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T is agreed among all writers, that the family of Milton came originally from Milton in oxfordshire; but from which of the Miltons is not altogether so certain. Some fay, and particularly Mr. Philips, that the family was of Milton near Abington in Oxfordshire, where it had been a long time feated, as appears by the monuments ftill to be feen in Milton-church. But that Milton is not in Oxfordshire, but in Barkfhire; and upon inquiry I find, that there are no fuch monuments in that church, nor any remains of them. It is more probable therefore that the family came, as Mr. Wood fays, from Milton near Halton and Thame in Oxfordshire: where it flourished several years, till at last the estate was fequefter'd, one of the family having taken the unfortunate fide in the civil wars between the houses of York and Lancafter. John Milton the poet's grand-father, was, according to Mr. Wood, an under-ranger or keeper of the foreft of Shotover, near Halton in Oxfordshire; he was of the religion of Rome, and fuch a bigot that he difinherited his fon only for being a proteftant. Upon this the fon, the poet's father, named likewise John Milton, fettled in London, and became a fcrivener by the advice of a friend eminent in that profeffion: but he was not fo devoted to gain and to business, as to lofe all taste of the politer arts, and was particularly skilled in mufic, in which he was not only a fine performer, but is also celebrated for several pieces of his compofition: and yet on the other hand he was not fo fond of his music and amusements, as in the least to neglect his business, but by his diligence and œconomy acquired a competent estate, which enabled him afterwards to retire, and live in the country. He was by all accounts a very worthy man; and


and married an excellent woman, Sarah of the antient family of the Bradshaws, fays Mr. Wood; but Mr. Philips, our author's nephew, who was more likely to know, fays, of the family of the Caftons derived originally from Wales. Whoever fhe was, fhe is faid to have been a woman of incomparable virtue and goodness; and by her her husband had two fons and a daughter.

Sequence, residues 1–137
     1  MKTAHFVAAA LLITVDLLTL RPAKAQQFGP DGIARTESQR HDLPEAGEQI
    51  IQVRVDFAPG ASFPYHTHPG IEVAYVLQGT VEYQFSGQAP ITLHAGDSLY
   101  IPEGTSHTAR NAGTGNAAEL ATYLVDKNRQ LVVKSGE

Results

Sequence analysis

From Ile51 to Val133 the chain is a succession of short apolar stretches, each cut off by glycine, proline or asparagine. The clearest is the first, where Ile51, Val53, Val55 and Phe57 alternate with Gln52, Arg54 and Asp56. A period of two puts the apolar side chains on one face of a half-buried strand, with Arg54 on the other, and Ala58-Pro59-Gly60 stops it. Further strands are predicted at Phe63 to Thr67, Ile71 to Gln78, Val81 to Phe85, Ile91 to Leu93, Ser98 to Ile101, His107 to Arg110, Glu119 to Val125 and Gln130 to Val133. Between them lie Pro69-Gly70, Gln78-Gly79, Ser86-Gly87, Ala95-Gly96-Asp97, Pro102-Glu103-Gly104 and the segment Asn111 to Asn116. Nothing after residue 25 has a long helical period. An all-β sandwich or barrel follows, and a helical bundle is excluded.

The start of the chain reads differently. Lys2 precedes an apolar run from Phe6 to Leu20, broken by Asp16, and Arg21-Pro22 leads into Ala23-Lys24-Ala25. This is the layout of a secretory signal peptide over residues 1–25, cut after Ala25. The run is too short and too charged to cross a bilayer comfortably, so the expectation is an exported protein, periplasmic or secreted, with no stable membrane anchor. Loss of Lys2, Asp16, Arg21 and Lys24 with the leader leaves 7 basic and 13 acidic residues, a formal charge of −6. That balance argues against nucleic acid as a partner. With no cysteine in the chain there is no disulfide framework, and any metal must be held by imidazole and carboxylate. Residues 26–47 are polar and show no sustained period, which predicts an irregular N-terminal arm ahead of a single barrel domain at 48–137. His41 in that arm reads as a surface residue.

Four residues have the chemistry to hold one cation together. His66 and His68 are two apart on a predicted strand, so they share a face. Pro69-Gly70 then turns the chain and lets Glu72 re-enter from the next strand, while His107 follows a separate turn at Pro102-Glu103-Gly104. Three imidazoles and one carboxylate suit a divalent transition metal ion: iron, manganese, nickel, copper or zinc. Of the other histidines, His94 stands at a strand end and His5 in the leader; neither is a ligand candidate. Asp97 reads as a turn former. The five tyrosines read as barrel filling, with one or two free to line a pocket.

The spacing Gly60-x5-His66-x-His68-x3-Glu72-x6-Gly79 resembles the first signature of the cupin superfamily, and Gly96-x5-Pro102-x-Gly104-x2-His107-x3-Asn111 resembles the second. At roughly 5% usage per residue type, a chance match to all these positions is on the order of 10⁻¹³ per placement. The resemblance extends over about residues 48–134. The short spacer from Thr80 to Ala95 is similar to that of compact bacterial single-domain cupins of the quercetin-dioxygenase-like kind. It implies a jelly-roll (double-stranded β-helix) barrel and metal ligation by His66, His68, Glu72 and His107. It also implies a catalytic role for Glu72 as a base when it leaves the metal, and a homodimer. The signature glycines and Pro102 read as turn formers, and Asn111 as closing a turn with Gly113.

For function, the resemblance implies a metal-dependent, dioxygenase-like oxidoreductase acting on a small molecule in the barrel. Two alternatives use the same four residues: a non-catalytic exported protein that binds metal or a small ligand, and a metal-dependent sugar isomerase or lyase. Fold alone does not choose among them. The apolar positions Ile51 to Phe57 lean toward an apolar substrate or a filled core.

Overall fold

The elder of the fons was our famous poet, who was born in the year of our Lord 1608, on the 9th of December in the morning between 6 and 7 o'clock, in Breadstreet London, where his father lived at the fign of the fpread eagle, which was also the coat of arms of the family. He was named John, as his father and grand-father had been before him; and from the beginning discovering the marks of an uncommon genius, he was defigned for a scholar, and had his education partly under private tutors, and partly at a public school. It has been often controverted whether a public or private education is best, but young Milton was so happy as to share the advantages of both. It appears from the fourth of his Latin elegies, and from the first and fourth of his familiar epistles, that Mr. Thomas Young, who was afterwards paftor of the company of English merchants refiding at Hamburg, was one of his private preceptors: and when he had made good progress in his ftudies at home, he was fent to St. Paul's School to be fitted for the university under the care of Mr. Gill, who was the master at that time, and to whose fon are addressed some of his familiar epiftles. In this early time of his life fuch was his love of learning, and so great was his ambition to furpass his equals, that from his twelfth year he commonly continued his ftudies till midnight, which (as he says himself in his fecond Defense) was the first ruin of his eyes, to whose natural debility too were added frequent head-akes: but all could not extinguish or abate his laudable passion for letters. It is very feldom seen, that fuch application and such a genius meet in the


fame person. The force of either is great, but both together must perform wonders.